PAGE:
Discriminating Between the Roles of Androgens and Estrogens in Cardiovascular Disease

Panagiota Manolakou, Evangelia Katsiki, Roxani Angelopoulou, Giagkos Lavranos


Cardiovascular disease shows a distinct difference in incidence rates between men and women, a fact that has been known for many years. While initial theories supported that this could be attributed to the protective effect of estrogens in women, attempts to correlate endogenous estrogen levels with cardiovascular risk factors and the progression of atherosclerosis-related indexes indicate otherwise. Similarly, endogenous androgen levels seem to correlate with opposite effects in males and females, whereas exogenous treatment with either androgens or estrogens fails to correspond to scientific expectations entirely. A brief discussion of the merits and pitfalls of placing either estrogens or androgens alone at the root of the problem shows that current understanding is inadequate concerning this major anthropological issue, as it refers to the primary global mortality and morbidity cause.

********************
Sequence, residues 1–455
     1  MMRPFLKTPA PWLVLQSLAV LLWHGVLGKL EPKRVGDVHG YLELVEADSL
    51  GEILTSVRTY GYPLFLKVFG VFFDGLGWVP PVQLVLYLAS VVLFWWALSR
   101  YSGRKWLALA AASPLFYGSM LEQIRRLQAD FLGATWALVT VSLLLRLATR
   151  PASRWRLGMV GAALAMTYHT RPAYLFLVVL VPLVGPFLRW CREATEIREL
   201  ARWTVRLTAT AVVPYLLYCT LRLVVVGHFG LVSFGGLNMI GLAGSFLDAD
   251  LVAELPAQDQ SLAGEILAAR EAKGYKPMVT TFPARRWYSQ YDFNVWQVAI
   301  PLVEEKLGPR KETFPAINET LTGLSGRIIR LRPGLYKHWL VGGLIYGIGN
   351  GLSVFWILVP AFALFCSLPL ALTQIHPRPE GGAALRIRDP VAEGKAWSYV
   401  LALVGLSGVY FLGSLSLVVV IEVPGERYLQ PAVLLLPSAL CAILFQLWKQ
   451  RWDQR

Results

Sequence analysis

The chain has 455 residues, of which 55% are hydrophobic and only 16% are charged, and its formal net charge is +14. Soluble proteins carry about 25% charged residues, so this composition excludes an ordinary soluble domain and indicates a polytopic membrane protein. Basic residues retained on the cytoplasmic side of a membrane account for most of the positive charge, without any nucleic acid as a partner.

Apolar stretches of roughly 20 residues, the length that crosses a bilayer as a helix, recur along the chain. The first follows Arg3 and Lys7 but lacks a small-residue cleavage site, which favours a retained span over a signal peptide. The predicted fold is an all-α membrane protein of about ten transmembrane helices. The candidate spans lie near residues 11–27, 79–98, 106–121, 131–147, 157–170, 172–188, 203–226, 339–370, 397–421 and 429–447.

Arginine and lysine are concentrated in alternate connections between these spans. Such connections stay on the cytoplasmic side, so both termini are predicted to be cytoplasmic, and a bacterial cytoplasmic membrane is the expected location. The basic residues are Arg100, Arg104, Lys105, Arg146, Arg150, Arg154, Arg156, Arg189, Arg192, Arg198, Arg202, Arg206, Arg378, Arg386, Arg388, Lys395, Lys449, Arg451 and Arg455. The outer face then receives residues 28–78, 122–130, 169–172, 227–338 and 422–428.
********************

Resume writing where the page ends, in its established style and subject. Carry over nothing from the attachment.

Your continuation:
androgens, estrogens, sex, cardiovascular disease, atherosclerosis, cardiovascular risk factors

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